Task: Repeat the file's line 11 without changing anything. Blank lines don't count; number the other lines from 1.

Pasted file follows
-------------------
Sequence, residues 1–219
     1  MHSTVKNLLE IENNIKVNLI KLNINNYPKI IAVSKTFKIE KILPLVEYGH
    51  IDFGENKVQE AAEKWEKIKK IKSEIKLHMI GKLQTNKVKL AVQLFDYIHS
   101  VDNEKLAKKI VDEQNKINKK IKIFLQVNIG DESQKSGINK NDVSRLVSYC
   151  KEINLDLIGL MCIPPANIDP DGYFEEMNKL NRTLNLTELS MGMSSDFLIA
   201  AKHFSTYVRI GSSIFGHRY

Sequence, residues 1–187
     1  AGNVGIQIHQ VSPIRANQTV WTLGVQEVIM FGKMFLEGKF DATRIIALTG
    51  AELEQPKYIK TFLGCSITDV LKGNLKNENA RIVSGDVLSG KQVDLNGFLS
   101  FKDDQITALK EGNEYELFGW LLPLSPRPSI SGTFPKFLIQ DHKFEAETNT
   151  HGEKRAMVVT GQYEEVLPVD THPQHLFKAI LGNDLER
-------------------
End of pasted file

   151  HGEKRAMVVT GQYEEVLPVD THPQHLFKAI LGNDLER